When working with 32-bit integers, you may encounter scenarios where you need to count the number of set bits, i.e., the number of 1s, in the binary representation of the integer. This operation is also known as population count or Hamming weight.

## Using Bit Manipulation

### What is Bit Manipulation?

Bit manipulation involves performing operations at the individual bit level of an integer. By using bitwise operators, you can extract, modify, or analyze specific bits of an integer.

### Counting Set Bits with Brian Kernighan's Algorithm

Brian Kernighan's algorithm is an efficient method to count the set bits in an integer. It relies on the fact that repeatedly performing `n & (n-1)`

will turn off the rightmost set bit of the integer. By repeatedly applying this operation until the integer becomes zero, you can count the number of set bits.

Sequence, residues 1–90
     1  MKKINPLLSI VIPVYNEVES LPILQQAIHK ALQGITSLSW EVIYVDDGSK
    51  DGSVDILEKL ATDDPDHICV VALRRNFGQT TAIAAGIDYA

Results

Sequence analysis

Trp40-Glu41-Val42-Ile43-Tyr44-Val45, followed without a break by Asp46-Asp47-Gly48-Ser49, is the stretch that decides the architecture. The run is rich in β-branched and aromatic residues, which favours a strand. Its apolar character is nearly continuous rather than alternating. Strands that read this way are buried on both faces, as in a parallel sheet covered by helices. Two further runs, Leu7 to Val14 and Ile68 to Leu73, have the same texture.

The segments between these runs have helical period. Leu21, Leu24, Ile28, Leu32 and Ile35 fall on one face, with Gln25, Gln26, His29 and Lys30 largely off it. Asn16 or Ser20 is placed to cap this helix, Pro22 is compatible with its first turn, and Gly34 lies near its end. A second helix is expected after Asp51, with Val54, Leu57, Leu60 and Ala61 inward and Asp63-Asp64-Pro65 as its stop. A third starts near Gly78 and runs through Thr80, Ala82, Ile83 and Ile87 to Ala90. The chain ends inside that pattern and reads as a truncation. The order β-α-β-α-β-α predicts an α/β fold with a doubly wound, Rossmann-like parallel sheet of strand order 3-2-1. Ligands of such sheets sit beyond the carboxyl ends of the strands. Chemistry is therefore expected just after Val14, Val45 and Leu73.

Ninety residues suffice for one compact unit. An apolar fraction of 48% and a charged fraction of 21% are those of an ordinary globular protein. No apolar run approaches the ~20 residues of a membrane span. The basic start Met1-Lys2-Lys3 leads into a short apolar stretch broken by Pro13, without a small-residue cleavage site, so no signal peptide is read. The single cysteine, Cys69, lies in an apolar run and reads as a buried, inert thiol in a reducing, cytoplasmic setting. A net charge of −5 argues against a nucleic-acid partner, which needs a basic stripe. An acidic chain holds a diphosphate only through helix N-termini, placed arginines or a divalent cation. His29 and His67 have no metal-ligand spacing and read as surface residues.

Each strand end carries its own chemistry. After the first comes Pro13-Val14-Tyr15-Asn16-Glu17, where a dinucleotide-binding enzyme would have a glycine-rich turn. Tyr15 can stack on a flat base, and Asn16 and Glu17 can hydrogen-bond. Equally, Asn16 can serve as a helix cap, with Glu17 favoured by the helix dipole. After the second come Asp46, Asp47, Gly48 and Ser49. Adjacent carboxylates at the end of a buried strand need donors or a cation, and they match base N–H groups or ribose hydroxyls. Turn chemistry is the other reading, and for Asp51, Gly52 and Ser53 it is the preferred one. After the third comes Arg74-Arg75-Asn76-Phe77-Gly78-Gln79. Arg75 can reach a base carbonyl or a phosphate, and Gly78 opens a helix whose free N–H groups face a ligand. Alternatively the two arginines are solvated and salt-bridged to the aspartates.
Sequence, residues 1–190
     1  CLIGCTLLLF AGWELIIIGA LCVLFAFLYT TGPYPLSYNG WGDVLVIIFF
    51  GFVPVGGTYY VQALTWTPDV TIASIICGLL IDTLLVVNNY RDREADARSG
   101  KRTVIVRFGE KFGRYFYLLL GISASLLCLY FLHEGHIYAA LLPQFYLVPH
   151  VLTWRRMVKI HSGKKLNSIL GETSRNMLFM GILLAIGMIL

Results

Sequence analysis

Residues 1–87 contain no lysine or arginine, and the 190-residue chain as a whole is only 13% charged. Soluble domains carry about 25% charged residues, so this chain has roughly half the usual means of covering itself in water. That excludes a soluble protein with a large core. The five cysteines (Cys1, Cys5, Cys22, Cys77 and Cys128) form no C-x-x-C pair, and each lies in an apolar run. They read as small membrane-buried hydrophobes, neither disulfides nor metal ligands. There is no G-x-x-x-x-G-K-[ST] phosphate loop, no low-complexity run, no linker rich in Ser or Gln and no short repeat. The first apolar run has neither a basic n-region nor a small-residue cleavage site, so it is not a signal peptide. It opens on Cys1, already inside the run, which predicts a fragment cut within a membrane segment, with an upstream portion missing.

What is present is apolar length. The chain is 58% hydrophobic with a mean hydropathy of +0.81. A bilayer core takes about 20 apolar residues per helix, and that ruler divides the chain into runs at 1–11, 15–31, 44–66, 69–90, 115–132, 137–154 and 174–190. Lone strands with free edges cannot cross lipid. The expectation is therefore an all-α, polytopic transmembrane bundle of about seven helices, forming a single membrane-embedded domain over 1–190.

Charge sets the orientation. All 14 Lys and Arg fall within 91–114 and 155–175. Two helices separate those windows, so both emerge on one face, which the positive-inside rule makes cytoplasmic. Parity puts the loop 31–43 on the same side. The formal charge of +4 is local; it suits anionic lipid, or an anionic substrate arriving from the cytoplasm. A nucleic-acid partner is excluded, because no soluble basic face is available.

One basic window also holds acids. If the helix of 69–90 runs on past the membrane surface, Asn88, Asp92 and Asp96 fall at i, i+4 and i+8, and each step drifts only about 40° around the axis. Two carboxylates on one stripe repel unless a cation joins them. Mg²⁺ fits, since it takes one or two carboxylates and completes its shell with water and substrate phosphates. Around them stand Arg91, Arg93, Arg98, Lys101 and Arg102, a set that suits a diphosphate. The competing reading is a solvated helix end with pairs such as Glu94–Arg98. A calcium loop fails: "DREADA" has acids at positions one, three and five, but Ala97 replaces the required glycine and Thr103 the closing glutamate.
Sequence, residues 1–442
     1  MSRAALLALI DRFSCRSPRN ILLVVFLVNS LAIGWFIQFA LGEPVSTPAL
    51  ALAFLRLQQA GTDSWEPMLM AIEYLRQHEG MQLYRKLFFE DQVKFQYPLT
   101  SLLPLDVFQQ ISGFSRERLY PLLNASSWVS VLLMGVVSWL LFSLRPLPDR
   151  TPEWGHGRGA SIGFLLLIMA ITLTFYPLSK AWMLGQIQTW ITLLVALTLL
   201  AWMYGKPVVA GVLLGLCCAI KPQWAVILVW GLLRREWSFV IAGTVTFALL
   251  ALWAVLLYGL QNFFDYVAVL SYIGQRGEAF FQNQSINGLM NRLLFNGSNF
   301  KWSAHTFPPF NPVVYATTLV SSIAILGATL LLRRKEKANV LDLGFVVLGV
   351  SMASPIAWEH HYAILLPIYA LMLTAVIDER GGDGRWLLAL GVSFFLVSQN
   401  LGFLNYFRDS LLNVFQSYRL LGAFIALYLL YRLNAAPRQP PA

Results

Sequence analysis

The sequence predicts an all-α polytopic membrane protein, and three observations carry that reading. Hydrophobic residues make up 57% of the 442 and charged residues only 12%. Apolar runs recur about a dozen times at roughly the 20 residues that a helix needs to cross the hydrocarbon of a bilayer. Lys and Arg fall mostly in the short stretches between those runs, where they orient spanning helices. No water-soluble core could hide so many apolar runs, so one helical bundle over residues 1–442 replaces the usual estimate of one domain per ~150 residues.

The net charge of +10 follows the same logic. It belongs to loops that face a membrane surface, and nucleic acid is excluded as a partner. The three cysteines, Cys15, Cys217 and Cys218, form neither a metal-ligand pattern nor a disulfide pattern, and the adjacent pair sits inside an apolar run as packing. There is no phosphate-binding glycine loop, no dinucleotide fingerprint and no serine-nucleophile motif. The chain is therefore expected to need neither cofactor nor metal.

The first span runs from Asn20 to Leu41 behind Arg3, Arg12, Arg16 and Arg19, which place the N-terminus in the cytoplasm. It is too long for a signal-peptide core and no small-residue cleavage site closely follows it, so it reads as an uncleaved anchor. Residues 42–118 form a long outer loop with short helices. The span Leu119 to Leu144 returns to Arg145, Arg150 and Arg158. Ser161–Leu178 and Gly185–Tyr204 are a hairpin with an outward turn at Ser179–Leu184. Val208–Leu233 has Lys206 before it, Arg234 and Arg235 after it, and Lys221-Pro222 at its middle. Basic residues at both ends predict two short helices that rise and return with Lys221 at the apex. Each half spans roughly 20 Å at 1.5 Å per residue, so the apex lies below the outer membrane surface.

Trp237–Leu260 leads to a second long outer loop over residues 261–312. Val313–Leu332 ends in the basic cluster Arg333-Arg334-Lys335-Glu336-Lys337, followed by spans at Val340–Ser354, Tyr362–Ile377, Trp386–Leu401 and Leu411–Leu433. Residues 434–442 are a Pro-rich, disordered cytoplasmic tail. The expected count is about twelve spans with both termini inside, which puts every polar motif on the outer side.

## Example in C++

```
#include <iostream>
int countSetBits(int n) {
int count = 0;
while (n) {
n = n & (n - 1);
count++;
}
return count;
}
int main() {
int num = 12345; // Replace with your 32-bit integer
int result = countSetBits(num);
std::cout << "Number of set bits: " << result << std::endl;
return 0;
}
```

## Example in Python

```
def count_set_bits(n):
count = 0
while n:
n = n & (n - 1)
count += 1
return count
num = 12345 # Replace with your 32-bit integer
result = count_set_bits(num)
print("Number of set bits:", result)
```

In both examples, the `countSetBits`

function (C++) and `count_set_bits`

function (Python) implement Brian Kernighan's algorithm to count the set bits in a 32-bit integer. The result is the number of 1s in the binary representation of the integer.

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